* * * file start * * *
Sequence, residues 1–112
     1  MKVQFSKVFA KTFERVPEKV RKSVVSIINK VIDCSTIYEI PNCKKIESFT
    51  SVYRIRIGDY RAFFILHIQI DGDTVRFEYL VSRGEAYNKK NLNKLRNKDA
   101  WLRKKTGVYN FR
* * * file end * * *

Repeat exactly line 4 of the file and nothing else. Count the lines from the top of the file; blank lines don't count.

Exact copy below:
   101  WLRKKTGVYN FR